Charges of unfair practices were lodged against the pro-family NGOs. There were noisy complaints that the mere presence of the Franciscan Friars, as clerical men in gray robes, was intimidating for some women. Joan Grant-Cummings of the National Action Committee for the Status of Women charged, “The goal of these monks is clear. The point is to get themselves and legitimate organizations kicked out of these proceedings.” Several groups charged falsely—that “they have thrown water on us and disrupted our caucuses.” Fr. Conrad Osterhout, novice master of the Franciscan Friars of the Renewal based in New York, described the participation of the 13 friars as a “prayerful presence.” Fr. Conrad hoped to inspire smaller nations to “hold their ground” against the radical imposition of western moral failures. One can only imagine what the presence of knights in shining miters may have wrought.

Gwen Landolt of REAL Women of Canada discharged Cummings’s complaint, noting that Canada’s delegation “is made up of nothing but radical feminists.” The U.S. delegation under the Clinton administration is also badly skewed. Among its NGO advisers is feminist nun, Sr. Dorothy Kelly, OSU. Kelly, an educator at the College of New Rochelle, served “in the peace movement in Ireland.” Sr. Kelly concedes she does not speak for the Church or for her order: “I am who I am.” She does, however, speak with the Clinton administration, which pushes for the full feminist agenda at all UN conferences. Another disturbing presence on the U.S. delegation’s adviser panel is Kit Cosby, deputy-director of the National Spiritual Assembly of the Baha’i’s. The Baha’i faith has only five million adherents worldwide. Yet, they are prominent at the UN, where they promote their faith, which forbids a priesthood and calls for an end to religious diversity; mankind must be spiritually unified. Kissling and Cosby have worked together in various women’s groups in support of the Beijing PfA.

A flier was passed out to country delegates by the International Council of Women identifying those NGOs wearing “Motherhood” or “The Family” buttons as the NGOs who were causing “difficulties” leading to “grave misrepresentation of women and their interests world-wide.” A group of feminists retaliated with buttons that read, “F.A.K.E. Women,” an acronym for “Feminists Alive and Kicking for Equality.” The Coalition in Support of the Beijing Platform, from the Human Rights caucus, sported PfA buttons and offered proposed text that noted “the recent upsurge in religious extremist movements [that] results in the reversal of political, social, cultural and economic advances of women, threatening women’s human rights.”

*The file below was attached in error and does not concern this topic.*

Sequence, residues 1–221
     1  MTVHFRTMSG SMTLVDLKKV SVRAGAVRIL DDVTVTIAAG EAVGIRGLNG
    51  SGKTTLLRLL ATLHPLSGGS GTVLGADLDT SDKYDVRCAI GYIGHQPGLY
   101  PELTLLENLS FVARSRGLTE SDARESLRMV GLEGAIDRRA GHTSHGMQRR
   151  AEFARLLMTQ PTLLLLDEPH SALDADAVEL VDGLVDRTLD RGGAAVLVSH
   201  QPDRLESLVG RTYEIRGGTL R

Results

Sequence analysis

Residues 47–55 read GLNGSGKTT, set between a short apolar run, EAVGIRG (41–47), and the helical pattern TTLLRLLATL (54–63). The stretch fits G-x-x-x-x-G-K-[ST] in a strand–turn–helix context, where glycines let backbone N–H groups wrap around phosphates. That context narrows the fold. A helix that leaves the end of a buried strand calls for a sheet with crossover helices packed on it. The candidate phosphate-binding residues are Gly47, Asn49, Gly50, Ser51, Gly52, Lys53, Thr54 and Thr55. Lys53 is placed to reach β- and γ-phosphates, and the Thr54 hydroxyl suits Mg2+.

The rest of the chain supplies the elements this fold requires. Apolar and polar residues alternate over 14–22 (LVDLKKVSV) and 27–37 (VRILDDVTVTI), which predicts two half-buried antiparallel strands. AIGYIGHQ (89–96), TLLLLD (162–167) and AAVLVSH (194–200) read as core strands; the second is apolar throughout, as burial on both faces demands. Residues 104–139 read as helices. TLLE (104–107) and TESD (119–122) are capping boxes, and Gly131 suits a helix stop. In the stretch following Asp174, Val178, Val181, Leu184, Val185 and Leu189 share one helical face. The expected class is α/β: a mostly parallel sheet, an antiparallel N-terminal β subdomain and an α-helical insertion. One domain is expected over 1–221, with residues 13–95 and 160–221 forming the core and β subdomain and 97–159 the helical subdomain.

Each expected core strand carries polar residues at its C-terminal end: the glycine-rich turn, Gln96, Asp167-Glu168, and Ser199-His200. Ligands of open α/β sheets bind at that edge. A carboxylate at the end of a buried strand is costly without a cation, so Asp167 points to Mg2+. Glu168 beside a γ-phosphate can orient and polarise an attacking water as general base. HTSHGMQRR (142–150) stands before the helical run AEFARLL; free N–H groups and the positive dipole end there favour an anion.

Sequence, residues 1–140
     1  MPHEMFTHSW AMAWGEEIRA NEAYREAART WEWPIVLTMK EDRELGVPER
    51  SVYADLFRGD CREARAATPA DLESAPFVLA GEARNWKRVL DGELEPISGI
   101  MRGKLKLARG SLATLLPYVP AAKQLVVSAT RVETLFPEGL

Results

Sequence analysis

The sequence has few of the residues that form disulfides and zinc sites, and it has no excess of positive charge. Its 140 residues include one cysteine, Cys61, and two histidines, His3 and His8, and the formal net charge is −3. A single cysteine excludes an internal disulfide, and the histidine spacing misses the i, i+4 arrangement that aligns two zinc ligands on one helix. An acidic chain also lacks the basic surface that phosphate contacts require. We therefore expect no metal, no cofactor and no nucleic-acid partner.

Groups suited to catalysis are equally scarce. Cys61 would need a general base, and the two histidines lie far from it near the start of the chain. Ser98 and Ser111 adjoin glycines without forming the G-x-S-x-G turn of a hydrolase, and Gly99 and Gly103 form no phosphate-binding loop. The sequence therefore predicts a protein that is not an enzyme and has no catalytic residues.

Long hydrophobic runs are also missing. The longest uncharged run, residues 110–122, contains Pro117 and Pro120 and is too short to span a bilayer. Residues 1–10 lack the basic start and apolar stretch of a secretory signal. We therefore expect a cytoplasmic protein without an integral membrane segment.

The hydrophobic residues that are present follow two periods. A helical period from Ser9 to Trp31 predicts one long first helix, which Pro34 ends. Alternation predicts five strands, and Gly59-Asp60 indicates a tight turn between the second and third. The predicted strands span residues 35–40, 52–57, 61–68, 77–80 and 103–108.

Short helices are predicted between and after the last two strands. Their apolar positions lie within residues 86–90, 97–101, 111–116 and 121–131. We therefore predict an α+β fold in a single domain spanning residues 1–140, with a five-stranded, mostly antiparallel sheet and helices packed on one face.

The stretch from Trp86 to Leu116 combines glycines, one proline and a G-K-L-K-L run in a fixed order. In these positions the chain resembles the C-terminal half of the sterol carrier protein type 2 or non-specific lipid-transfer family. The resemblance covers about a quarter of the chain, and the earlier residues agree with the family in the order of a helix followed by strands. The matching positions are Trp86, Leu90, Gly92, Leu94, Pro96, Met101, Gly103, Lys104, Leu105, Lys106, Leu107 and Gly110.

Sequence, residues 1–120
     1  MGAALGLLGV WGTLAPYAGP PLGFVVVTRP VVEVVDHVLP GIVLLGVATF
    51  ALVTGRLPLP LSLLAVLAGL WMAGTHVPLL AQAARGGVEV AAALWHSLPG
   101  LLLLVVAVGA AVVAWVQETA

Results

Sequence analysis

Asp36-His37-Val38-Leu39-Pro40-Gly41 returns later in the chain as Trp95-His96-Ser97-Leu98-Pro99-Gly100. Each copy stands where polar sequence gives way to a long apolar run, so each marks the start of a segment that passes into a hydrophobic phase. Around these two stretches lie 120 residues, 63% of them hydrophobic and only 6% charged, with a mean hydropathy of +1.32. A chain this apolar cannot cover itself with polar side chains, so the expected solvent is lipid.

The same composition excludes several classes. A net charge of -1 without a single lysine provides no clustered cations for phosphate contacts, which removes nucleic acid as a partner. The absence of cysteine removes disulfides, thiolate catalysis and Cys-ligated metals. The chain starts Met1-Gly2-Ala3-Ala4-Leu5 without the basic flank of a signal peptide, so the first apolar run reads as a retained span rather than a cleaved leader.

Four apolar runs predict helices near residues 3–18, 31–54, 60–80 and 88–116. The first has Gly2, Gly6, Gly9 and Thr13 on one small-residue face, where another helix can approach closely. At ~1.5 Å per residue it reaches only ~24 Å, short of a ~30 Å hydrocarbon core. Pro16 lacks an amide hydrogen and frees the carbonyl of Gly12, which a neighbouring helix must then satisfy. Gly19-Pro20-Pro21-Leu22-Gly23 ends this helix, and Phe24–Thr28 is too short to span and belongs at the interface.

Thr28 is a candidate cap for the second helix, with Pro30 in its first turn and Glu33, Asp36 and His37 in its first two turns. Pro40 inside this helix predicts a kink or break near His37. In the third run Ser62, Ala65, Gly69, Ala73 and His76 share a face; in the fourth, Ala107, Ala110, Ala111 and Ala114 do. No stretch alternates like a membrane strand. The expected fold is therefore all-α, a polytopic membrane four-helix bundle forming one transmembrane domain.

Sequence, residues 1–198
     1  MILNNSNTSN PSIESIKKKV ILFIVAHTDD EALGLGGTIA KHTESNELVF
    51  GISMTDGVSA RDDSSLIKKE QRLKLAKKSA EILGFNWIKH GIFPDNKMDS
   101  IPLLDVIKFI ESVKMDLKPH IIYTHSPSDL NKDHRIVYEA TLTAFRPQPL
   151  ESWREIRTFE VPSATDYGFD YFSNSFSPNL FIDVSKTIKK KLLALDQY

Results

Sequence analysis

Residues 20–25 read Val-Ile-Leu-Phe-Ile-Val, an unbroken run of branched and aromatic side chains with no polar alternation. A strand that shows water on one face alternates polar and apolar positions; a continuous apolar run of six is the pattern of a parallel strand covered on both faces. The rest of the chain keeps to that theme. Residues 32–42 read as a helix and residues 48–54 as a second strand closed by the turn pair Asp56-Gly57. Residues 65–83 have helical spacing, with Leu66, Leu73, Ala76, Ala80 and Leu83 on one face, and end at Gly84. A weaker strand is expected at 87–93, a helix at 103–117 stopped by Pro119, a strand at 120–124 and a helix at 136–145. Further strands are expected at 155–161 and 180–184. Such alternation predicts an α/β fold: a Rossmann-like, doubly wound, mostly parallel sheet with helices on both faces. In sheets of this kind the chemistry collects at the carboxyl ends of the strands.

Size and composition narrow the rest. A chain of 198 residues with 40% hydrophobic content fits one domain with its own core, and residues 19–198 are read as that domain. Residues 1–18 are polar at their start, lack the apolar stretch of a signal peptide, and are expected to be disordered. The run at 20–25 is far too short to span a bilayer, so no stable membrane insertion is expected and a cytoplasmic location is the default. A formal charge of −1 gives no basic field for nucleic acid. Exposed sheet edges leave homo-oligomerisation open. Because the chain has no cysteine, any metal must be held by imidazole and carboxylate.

Radicals feared losing the significant territory they planned to gain during PrepCom by building on those concessions they won at Beijing. Pro-family lobbyists observed that much of the Beijing PfA is problematic, but their goal at PrepCom was to prevent any further erosion of international standards and legal terms in regard to life and family values.

See Change Campaign

At the height of the machinations, Kissling, as the NGO CFFC, held a press conference. CFFC advised the few reporters in attendance that “human rights groups from around the globe are calling for a review of the Holy See’s Non-Member State Permanent Observer status at the UN…. The Holy See misuses its special status to erect real obstacles to the promotion of women’s health and well-being, despite the contentions of resolutions recently introduced in the U.S. Congress.” Weeks before the CFFC press conference, Austin Ruse of the Catholic Family and Human Rights Institute, which is also an NGO at the UN, found a ready ally when he approached Sen. Rick Santorum (R-Pa.) about sponsoring a resolution. Sen. Bob Smith (R-N.H.) and Rep. Chris Smith (R-N.J.) joined the sponsorship of the resolutions. Ruse, aware that the CFFC had gathered the signatures of 400 anti-life and anti-Catholic organizations, sought to counter the CFFC with a show of support for the Vatican.

Kissling maintains that the Vatican’s status was “obtained in the UN almost by accident and it is that status of a state that we wish to see reviewed.” Kissling conceded that only NGOs had signed her petition—not a single country has joined the “See Change” initiative. However, Kissling took as positive the fact that no nation had come out in defense of the Holy See’s status. Her hope is tenuous, however, critics note. Member states, following diplomatic protocol, are unlikely to dignify an attack on a state by lower-echelon NGOs.

Kissling was joined by Anika Rahman of the Center for Reproductive Law and Policy (CRLP), a militant abortion-rights lobby. Rahman said: